We examined the effect of Clk/STY hyperphosphorylation on the release of a large number of protein constituents of IGCs, including many that do not contain the RS domain essential for phosphorylation by Clk/STY. Our finding that all proteins redistributed, regardless of the presence of an RS domain, is consistent with the proposal that transcription and RNA-processing factors may exist in the nucleus in a unitary particle called a transcriptosome (Gall et al., 1999), or alternatively, in multiple smaller complexes. However, it is currently unclear if such a particle is held together simply by protein–protein interactions or in concert with other potential mechanisms. In this regard, it is particularly intriguing that upon overexpression of Clk/STY, the stable population of poly(A)+ RNA that is present in IGCs (Huang et al., 1994) becomes diffusely distributed throughout the nucleoplasm, whereas nascent transcripts at specific transcription sites do not redistribute. This finding raises the possibility that the stable population of poly(A)+ RNA that is localized to IGCs may have a role in maintaining the organization of pre-mRNA–processing factors at these nuclear domains. These stable RNAs may represent the core organizing unit of individual interchromatin granules and the binding site for RNA-processing proteins. Studies are currently underway to purify and characterize these RNA molecules.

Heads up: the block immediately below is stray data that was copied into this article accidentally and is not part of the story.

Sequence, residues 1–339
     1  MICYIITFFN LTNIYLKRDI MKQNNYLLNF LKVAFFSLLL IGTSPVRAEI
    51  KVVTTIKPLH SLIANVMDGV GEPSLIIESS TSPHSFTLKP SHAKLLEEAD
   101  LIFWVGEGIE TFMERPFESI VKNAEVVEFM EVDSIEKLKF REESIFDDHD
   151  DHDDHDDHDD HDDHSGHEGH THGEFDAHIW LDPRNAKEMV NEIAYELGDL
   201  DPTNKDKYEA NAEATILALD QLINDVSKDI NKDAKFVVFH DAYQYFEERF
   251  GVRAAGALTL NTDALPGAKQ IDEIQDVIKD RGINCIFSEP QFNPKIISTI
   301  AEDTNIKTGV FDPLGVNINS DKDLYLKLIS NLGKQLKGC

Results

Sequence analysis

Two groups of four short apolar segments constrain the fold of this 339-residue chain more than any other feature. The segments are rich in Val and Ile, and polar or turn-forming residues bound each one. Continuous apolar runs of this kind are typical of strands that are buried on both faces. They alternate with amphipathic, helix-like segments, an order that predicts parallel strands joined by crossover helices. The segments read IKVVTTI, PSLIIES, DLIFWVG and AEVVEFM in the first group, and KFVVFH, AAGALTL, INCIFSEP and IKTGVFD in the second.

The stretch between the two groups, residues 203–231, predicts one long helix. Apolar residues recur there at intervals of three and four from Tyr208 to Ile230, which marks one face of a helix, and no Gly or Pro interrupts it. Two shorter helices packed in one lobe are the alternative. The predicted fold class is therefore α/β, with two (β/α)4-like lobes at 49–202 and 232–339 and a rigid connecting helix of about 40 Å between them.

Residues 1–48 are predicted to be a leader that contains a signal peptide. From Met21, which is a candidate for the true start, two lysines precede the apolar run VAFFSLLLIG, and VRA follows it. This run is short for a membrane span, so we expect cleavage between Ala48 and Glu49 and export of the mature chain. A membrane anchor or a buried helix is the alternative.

The release of splicing factors from IGCs by hyperphosphorylation makes these factors available for recruitment to sites of transcription and splicing (Misteli et al., 1997). Since not all interchromatin granules dissociate at once, regulatory mechanisms must influence the steady-state level of interchromatin granules within these structures as well as the rate of release of complexes into the nucleoplasmic pool. In this study, we tested whether an entirely nucleoplasmic pool of splicing factors, that presumably would be fully accessible to transcription sites, was sufficient for both recruitment and function. Interestingly, we found that disruption of IGCs did not affect synthesis of pre-mRNA on either a global or a specific level. However, IGC disassembly largely prevented accumulation of splicing factors on nascent transcripts at the site of transcription, and in doing so significantly reduced or abolished pre-mRNA splicing. Interestingly, in a previous study we have shown that microinjection of antisense oligonucleotides or antibodies to pre-mRNA splicing factors resulted in the rounding up of nuclear speckles and an inhibition of both transcription and pre-mRNA splicing (O'Keefe et al., 1994). In this study we show that this coordination can be disrupted by the break-up of nuclear speckles, suggesting that this nuclear structure plays some role in coupling these two processes.